I first discovered the concept of earth sheltering serendipitously while looking for something else on the web. Something tangential. I ended up stumbling across Peter Vetsch. Maybe others will stumble across my site? Why do I care? I would eventually like to put a book together and figure that more traffic to this site can’t hurt…
Anyway, speaking of tangents… My generator has been causing slowdowns lately by shutting down on my often. Anyway, last weekend, I got tired of walking back and forth to restart it and decided the problem had to do with the RPM setting being too low. My generator doesn’t have a nice little screw to adjust the throttle, instead, I needed to loosen and reposition the whole throttle arm.
For one second, I ran the RPM up too high. I quickly shut it off to avoid damaging the engine, made the adjustments and got the RPM where I wanted it. The original problem was solved… But then I noticed that I wasn’t getting any power out of the plugs…
I didn’t have my multi-tester out at the property with me, so I ended up bringing it home… I worked it out and then decided to make a video to show how. More people search the web for info on fixing generators than looking for earth sheltered homes, maybe this will introduce some serendipity.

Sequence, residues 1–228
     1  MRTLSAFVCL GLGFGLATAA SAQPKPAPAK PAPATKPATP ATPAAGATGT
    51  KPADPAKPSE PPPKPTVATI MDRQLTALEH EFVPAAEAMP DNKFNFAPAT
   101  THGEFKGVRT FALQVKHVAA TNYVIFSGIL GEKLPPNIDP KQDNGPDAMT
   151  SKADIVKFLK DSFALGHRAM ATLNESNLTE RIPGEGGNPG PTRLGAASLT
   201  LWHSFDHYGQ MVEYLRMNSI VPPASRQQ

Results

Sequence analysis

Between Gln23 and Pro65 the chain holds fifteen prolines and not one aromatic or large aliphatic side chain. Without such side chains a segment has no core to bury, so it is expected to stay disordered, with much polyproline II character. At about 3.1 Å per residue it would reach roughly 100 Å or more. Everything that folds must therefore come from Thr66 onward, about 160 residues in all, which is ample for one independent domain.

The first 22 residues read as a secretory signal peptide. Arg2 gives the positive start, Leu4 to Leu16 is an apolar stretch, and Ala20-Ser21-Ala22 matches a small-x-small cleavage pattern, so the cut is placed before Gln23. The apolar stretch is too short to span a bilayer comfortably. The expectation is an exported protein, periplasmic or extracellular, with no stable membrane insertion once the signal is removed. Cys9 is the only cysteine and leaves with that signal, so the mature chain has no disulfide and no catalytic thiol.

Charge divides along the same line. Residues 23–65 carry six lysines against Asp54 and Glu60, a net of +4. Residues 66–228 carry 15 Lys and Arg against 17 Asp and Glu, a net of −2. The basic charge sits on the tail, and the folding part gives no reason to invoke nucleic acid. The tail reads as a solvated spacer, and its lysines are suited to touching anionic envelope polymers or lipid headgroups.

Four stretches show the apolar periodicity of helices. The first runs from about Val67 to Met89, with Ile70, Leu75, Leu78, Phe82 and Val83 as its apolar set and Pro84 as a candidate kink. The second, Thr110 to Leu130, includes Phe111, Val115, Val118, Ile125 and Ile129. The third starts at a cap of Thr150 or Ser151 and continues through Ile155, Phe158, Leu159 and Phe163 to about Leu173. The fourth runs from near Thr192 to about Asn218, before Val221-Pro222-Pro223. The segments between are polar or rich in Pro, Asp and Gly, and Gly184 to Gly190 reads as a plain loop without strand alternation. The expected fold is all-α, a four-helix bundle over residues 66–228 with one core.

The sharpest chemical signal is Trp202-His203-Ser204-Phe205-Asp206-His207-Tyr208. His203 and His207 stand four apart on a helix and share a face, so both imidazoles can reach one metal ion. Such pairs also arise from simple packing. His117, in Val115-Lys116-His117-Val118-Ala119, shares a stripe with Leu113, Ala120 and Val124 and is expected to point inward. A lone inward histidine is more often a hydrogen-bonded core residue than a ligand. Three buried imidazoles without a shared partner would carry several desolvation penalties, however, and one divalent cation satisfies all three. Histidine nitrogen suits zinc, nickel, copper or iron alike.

Brushless alternators use a capacitor to introduce a charge into the windings. This gets them excited so the alternator will produce electricity. When my engine RPM surged, it surged the alternator and the capacitor blew to protect all the electronics downstream…
If the alternator is working, it produces a ~5 volt difference (plus or minus a volt or 2) across the capacitor. So, I just had to check the AC Voltage with my multimeter. It turned out the voltage was OK. By process of elimination, I decided to order a new capacitor.
My original was covered with a layer of rust, so I couldn’t read the specifics. I checked the internet to find the right one for my generator, a 40µF, 370VAC generator capacitor. The genuine PorterCable part costs 60$. Now that I knew the specific properties, I was able to search based on that and found a Genteq knockoff that only cost 16$ with delivery. It claimed to be just as long lasting (60,000 hours), and like the much more expensive OEM product, it is also “self-extinguishing” so I won’t die in a terrifying fireball if it fails.